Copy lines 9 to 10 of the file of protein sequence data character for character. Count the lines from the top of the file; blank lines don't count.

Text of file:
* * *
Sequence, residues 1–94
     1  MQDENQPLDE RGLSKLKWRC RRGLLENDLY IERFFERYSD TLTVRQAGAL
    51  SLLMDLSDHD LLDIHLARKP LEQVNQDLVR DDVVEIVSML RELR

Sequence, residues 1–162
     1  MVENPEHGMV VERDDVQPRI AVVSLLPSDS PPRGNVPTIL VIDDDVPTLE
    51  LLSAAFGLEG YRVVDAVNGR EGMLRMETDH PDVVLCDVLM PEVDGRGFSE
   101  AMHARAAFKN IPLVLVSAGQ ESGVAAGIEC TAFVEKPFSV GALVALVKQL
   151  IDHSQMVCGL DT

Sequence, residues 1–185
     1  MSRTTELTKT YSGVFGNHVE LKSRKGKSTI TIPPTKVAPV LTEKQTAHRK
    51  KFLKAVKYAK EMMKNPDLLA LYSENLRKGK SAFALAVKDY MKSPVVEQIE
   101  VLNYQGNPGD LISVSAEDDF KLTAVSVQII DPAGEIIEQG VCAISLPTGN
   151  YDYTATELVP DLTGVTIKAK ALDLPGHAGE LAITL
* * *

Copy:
Sequence, residues 1–185
     1  MSRTTELTKT YSGVFGNHVE LKSRKGKSTI TIPPTKVAPV LTEKQTAHRK